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Petroleum Industry
Russian oil rumbles

The past six months brought rumbles of change to the petroleum landscape in Russia, with the arrest of a Russian oil “oligarch” and the disruption of a merger between two of the country’s largest oil companies. Although most observers say that geologists on the ground have not seen immediate effects, the seeming shift in the Russian government’s attitude toward its oil companies may herald future change in how western oil industry does business there.

“Russians are developing their own reserves and pushing out Americans.”
-Michael Cruson, Berry Energy, Golden, Colo.

The jailing last October of the head of Yukos Oil Mikhail Khodorkovsky, allegedly approved by President Vladmir Putin, sent a merger with oil company Sibneft tumbling. Sibneft pulled out of the deal in November, the day before the merger was to become final. A March 1 Moscow court decision has further squelched the merger by annulling Yukos’ shares issued to Sibneft, which facilitated the deal a year ago.

The merger would have combined Russia’s largest (Yukos) and fifth-largest (Sibneft) oil companies. The dissolution of the deal could be bad for Yukos, says John Grace, president of Earth Science Associates, a consulting company based in Long Beach, Calif. Yukos would have relied on the merger for production growth, using Sibneft’s younger fields farther north to alleviate the company’s dependency on one very large oil field, Priobskoye.

“Growth in Priobskoye is the largest single factor in [Yukos’] production in the last three years,” Grace says. Thus, the fallout could also affect Russia’s overall oil supply. Without Sibneft — which has brought in foreign service companies to manage its operations — Yukos’ own capital to continue developing Priobskoye is lacking, he says.

“In a year or half a year, the situation will stabilize,” says Gregory Ulmishek, a Russian oil expert at the U.S. Geological Survey, who thinks that the outcome of the Yukos-Sibneft deal will not impact Russian oil production in the long run. However, he says, “there should be and there is a kind of cautious feeling and mode in western companies.”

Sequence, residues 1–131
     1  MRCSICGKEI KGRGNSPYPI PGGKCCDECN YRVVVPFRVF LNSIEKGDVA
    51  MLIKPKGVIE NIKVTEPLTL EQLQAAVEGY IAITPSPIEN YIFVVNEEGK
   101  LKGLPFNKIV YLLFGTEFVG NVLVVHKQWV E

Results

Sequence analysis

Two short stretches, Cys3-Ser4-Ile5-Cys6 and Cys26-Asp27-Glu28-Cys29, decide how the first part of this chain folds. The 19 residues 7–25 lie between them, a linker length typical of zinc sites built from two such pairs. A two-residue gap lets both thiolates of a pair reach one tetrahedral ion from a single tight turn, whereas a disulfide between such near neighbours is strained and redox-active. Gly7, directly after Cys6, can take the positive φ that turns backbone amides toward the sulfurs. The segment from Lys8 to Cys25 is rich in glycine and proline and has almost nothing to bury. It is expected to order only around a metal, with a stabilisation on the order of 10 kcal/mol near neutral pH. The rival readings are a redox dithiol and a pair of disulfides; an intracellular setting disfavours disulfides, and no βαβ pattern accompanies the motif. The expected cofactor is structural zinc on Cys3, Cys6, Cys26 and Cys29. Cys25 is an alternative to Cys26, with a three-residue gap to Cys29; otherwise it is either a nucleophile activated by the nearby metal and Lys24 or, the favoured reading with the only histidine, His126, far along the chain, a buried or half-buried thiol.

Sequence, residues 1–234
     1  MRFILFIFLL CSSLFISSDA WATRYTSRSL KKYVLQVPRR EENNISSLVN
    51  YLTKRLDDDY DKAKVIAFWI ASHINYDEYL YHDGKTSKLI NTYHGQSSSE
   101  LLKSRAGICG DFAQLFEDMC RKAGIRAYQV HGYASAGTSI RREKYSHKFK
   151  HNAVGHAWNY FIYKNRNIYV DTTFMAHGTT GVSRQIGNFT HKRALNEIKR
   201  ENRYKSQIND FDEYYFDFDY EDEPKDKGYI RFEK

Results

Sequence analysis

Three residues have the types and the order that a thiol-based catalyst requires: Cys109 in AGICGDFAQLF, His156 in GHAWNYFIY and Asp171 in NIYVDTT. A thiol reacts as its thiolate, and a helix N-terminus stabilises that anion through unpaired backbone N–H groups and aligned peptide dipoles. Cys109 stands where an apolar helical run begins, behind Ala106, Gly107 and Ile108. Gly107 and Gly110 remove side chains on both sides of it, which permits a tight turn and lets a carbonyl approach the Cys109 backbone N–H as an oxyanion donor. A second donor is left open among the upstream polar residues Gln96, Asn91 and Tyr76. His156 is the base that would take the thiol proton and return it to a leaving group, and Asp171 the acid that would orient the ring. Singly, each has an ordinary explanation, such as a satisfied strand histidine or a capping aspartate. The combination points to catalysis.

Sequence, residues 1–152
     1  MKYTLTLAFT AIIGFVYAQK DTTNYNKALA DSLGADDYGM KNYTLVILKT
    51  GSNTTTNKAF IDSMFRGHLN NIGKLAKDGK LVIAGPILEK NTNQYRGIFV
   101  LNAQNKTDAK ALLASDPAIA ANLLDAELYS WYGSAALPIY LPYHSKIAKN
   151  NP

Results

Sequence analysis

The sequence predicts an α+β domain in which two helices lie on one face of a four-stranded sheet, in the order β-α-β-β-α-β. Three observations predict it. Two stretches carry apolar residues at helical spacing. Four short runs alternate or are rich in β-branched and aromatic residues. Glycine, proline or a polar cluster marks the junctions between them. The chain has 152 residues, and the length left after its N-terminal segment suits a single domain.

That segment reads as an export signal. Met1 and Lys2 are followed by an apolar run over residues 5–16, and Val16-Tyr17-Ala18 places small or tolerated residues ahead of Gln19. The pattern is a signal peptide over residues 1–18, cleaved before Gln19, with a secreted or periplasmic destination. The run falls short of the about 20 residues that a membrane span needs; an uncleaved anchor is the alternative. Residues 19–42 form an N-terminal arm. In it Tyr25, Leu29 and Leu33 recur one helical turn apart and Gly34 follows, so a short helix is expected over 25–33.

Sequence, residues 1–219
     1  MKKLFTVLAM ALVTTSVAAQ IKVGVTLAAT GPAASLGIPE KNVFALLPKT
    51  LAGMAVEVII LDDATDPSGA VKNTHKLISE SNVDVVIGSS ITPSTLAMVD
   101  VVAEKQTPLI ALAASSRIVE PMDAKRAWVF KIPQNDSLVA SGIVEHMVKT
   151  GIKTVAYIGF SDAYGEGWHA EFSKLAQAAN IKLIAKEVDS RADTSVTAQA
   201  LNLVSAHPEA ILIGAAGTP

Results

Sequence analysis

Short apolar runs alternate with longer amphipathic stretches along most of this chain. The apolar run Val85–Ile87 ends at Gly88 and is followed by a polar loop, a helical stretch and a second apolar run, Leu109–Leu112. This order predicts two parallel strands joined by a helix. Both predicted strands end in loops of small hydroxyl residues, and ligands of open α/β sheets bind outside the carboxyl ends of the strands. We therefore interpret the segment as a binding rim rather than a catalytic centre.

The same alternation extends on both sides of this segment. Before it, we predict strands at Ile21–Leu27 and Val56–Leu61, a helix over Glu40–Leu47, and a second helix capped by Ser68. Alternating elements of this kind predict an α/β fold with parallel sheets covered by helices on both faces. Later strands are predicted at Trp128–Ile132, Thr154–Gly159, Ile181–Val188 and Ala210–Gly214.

The purchase of a Russian oil company by BP last year may have been the height of western involvement in Russia’s oil industry and was certainly the largest to date, Ulmishek notes, at more than $7 billion (Geotimes, April 2003). Although western companies will remain much more active as consultants to Russian-owned companies, Ulmishek says, Russia still has issues that make business dealings far from transparent.

“U.S. companies have been active in Russia for a number of years, successfully or unsuccessfully,” Ulmishek says. But large western corporations have paid more attention to Kazakhstan and Azerbaijan, countries that “developed a legal system earlier than Russia did,” he says. Small western companies also have additional difficulty working in Russia because the country’s “widespread corruption [remains] pervasive on all levels,” Ulmishek says.

George Carlstrom, a geologist who works in Russia with the Discovery Group based in Denver, Colo., says that Russian companies remain lodged in old ways of thinking from the days of the state-run oil industry, effectively managed as one giant organization. “In the U.S. context, it’s all federal acreage,” he says of Russian oil fields, but “the government has more share in how you develop.”

Indeed, Russia may decide to return to a more centrally run oil exploration and production system, says Michael Cruson, vice president of Berry Energy in Golden, Colo., which is looking into opportunities in Russia. Cruson foresees a “rollback to Russian control,” more like the bureaucratic system in place before former Prime Minister Boris Yeltsin’s 1991 privatization efforts. Russian data has become more available to outsiders, but, Cruson says, “Russians are developing their own reserves and pushing out Americans; westerners are contractors, not equity owners.”

Robert Cluff, head of the Discovery Group, says he can imagine Russia melding past and present to develop a “state-run industry that runs in a quasi-private, capitalistic mode,” much like Saudi Arabia’s Aramco or Mexico’s Pemex. “We’ll see signals of that in the next nine months,” he says, for example, if the Russian government rolls together some oil companies or returns to setting drilling quotas.

In the meantime, Putin had a sweeping victory in Russia’s March 14 elections, and his government is pressing forward on building a controversial Russian pipeline to the Pacific coast of Nakhodka (far east Russia). Yukos is under investigation for fraud and two other high-level executives have been arrested. Mikhail Khodorkovsky, who remains one of the richest men in the world according to Forbes magazine, also remains in jail.

Naomi Lubick

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